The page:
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Discussion in 'Cinestar 8' started by Fernando García, Jun 26, 2015.
just wondering how high, or if it depends on something... thanks!
It definitely depends on something.
What exactly are you imagining?
And are you asking at what altitude it can take off from, or how high above ground level it can ascend?
how high above the ground level can ascend?
Fernando, the maximum altitude of the Cinestar is determined by three factors:
1. How heavy a payload are you flying?
2. How big are the batteries that you are using?
3. What is the density altitude of the air at ground level where you are launching? See https://en.wikipedia.org/wiki/Density_altitude to understand density altitude.
I do not know whether anyone has formally tested it for the Cinestar, but for full scale manned helicopters the so call "service ceiling" (or maximum operational altitude) is around a density altitude of 14,000 feet above sea level. (I may be wrong on the exact number, that that's typical, I believe).
So, if you have large enough batteries and you are taking off at sea level, the odds are you could probably get up to, oh, say, 10,000 feet above ground level.
I'm not sure which country you are thinking of flying in, but if you were in the USA, and taking off at sea level, the last 9,600 feet of that ascent would be illegal as you are only allowed to fly to a maximum altitude of 400 feet above ground level.
ok, thanks a lot ...
Im flying in Los Cabos, Mexico ...
I'm not sure what the Dirección General de Aeronáutica Civil regulations are for unmanned aircraft.
Given that Los Cabos is at 20 meters/70 feet, and presuming you are not going to put a huge, heavy payload on the Cinestar I'm pretty sure it will go high enough to get you arrested!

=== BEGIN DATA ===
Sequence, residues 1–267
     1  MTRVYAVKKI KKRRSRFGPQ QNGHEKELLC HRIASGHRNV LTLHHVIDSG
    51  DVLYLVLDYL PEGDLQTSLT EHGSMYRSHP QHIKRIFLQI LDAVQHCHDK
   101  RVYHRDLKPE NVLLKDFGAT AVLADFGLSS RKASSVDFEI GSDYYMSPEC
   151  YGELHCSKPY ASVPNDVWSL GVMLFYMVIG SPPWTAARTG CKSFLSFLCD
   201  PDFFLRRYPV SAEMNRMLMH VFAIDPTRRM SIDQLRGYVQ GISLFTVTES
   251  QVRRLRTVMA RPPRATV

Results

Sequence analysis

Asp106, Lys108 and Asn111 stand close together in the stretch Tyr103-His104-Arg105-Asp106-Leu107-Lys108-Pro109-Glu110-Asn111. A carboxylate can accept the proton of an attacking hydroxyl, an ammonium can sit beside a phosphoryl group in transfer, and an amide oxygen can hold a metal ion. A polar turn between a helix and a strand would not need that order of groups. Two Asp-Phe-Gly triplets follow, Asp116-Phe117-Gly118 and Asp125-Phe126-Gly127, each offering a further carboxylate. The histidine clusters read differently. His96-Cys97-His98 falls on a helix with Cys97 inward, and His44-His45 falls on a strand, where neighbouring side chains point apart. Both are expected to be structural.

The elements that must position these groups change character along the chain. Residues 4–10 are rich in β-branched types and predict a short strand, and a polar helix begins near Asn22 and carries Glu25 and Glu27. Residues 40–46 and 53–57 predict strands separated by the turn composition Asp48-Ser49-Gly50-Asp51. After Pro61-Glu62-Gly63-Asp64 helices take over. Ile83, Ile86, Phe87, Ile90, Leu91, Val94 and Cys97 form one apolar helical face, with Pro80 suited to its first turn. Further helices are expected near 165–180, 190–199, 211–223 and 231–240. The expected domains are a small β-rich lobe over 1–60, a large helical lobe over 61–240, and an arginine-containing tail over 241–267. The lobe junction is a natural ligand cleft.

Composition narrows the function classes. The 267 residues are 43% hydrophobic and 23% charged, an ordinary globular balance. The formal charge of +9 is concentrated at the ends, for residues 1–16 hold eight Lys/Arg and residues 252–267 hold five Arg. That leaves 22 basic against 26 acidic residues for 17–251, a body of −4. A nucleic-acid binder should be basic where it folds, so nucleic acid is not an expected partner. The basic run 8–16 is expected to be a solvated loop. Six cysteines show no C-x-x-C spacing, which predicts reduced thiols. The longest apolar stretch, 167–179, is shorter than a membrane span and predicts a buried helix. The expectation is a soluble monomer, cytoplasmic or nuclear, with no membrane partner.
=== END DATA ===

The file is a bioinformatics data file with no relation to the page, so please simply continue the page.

I take that back. I did some Google searches and, as far as I can tell, the Dirección General de Aeronáutica Civil has NO UAV regulations. So in which case, my statement should be: it will fly high enough that you'll not be able to see it. Even with binoculars! But you will not get arrested.
I suppose it depends on how you want it to come down. Keep in mind that at 400 feet you can barely see what it is doing up there. Anything higher you will have to rely on video, preferably on that has an on screen display giving your aircraft info. Also know that it is not easy to bring it down from high altitudes. You typically want to descend into wind with speed, otherwise you can disrupt the airflow of those spinning things that let it fly. They can stall if comming down to fast you might be picking up the pieces to your copter and camera of the ground after it crashes.
Hi all. I've been looking for altitude info too. I'm heading to the Karakoram mountains soon and trying to do some film work at ~4000-5000m. I'm hanging a Sony a7s under a CS8, stripping as much stuff off as possible. I've found very little info on how well I'll be able to push the air around there, though.
I don't have weights or specs for my machine on hand, but can anyone offer any advice on prop selection? I'm currently running the standard booms (450mm) and 13" carbon props (pitch unknown). By my measurements, I could fit 14" props with 6mm to spare between tip, though I don't know how much flex to anticipate in action.
Fernando, did you have a particular project in mind, or simply curious?
According to Ecalc at 3000 meters with 14 inch X 6 props you are looking at 5 min at 7.5 KG with a 10,000 mah battery. I was modeling using a Mikrokopter Motor which appeared to be the closest one I could find without going too crazy. You might want to check Ecalc out and see if you can get close to your actual weight. There have been people here who have claimed those altitudes.
Thanks Shaun, much obliged. I'll punch some numbers there and see what I get.
Calling the copter a "Canister" in the title of this thread is creating an itch that I need to scratch.
Anyone mind if I edit the thread title to say Cinestar?
Please do not. It is a welcome source of amusement to my admittedly sick mind.
OK. I'll just add the word "Cinestar" at the end of the thread title so others searching for Cinestar will find it.
I'll second that. Without intending to poke fun at Fernando, it's like one of those language foibles you should but can't bring yourself to correct, to the overall greater good.
Personally, Steve's "Sinostar" -- used to refer to a Chinese replica of the Cinestar is still the winner...